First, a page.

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Art & artists

Classical ambitions and artistic competition

— September 2011

Article read level: Academic

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Cover of Paragons and Paragone

Paragons and Paragone: Van Eyck, Raphael, Michelangelo, Caravaggio, Bernini

By Rudolf Preimesberger

This book reads like a journal assembled out of greatest hits articles.  Not only is the distinguished art historian, professor emeritus of the Freie Universität, Berlin, one of the most renowned scholars of Renaissance and Baroque art in Europe.  Additionally, his subjects form a who’s who of artistic greatness in a series of focused articles, chiefly addressing individual works.  Let those who deny there is a canon of art historical ‘key monuments’ abandon hope if they enter here.

But this is not a primer for beginners.  In the article on Caravaggio’s painting the Entombment (1603–4, Vatican Museums), for example, foreign terms crop up in every paragraph. I noted phrases from Greek, Latin, French, and Italian (and of course the original language of the article was German), all simply tossed into the mix as familiar terms by this scholars’ scholar.  Free interchange – between Renaissance theory and contemporary practice, between word and image, between painting and sculpture – marks this discussion and all the essays in the volume. 

Yet Rudolf Preimesberger is always working from the object under investigation, attempting to explicate the ambitions of these leading Renaissance artists and the choices they made in executing their works. Sometimes they competed self-consciously with the legendary artists reported from classical antiquity as much as with the emerging new canon of Renaissance Italy. For Caravaggio, Michelangelo’s Vatican Pietá, a sculpture created a century earlier, served as an unavoidable model of the unmarked, muscular body of Christ, viewed obliquely, but also contrasted in his painting with a hunchbacked figure of Biblical proto-sculptor Nicodemus (with features like those of Michelangelo himself, whose Christian name Caravaggio shared).  Here, then, the leitmotif of these articles is sounded, the paragone: spirited competition between painters and sculptors, between later artists and their models.

The remaining essays focus equally on major works: Raphael’s painting, the Transfiguration (1520; Vatican Museums) as tragic action; Jan van Eyck’s grisaille painting, Annunciation (c.  1435; Madrid, Thyssen Collection) as paragone; young Bernini’s early sculpture,  Infant Jupiter and Satyr with the Goat Amalthea (1615; Rome, Borghese Gallery) as a capriccio of learned invention; and young Michelangelo’s relief sculpture, Madonna of the Stairs (c.  1490; Florence, Casa Buonarotti), read against reliefs by the sculptor Donatello.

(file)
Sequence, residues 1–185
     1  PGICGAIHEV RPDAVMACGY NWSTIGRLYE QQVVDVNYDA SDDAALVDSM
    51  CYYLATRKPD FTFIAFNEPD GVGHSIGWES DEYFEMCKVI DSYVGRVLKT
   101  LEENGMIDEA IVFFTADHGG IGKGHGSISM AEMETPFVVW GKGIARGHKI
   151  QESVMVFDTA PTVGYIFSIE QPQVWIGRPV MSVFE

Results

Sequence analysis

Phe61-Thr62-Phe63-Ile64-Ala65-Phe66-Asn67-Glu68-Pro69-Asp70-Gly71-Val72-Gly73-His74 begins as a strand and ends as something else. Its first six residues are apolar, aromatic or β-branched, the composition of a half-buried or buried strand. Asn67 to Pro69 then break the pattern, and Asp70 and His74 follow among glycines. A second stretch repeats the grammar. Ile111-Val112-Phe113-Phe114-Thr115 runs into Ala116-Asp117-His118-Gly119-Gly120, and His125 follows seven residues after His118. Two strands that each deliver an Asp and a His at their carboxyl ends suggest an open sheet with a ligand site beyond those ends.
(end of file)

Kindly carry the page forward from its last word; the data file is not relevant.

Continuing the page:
To scholars of the Renaissance, these essays already hold classic status for their erudition, rich layers of interpretation, and creative engagement with the objects.  In particular, the Van Eyck essay (with its perceptive consideration of optical effects, especially reflections, and its links to late medieval visual theorists) will be welcomed by scholars of Northern Europe – further evidence of the versatility and scholarly contribution of Preimesberger to younger generations.   The Getty Research Institute deserves thanks for making these important publications more accessible.  Now the Berlin emeritus professor can reach a wider, English-speaking audience, to teach anew all who might not have found access to his work earlier.

Paragons and Paragone: Van Eyck, Raphael, Michelangelo, Caravaggio, Bernini  by Rudolf Preimesberger is published by the Getty Research Institute. 200 pp., 25 colour/ 24 mono illus., $40.00.  ISBN 978-0-89236-964-5


Professor Larry Silver
University of Pennsylvania

Background info

The paragone debate
In Renaissance times, and even later, there was considerable debate over whether painting or sculpture was the greatest art. Which allowed the greatest fidelity to nature? Like a real figure, a sculpture has three dimensions and  can be walked around; even a relief has contours. On the other hand, paintings can set figures in convincing settings and have the colour of life. Artists competed to show that their work was the best. They were partly inspired by stories from the classical past. Legend has it that the Greek painter Zeuxis painted grapes so lifelike that birds mistook them for the real thing; Pygmalion created a statue so realistic that he fell in love with it.
Grisaille painting imitates the look of relief sculpture; such eye-fooling (trompe-l’oeil) effects can be very convincing.

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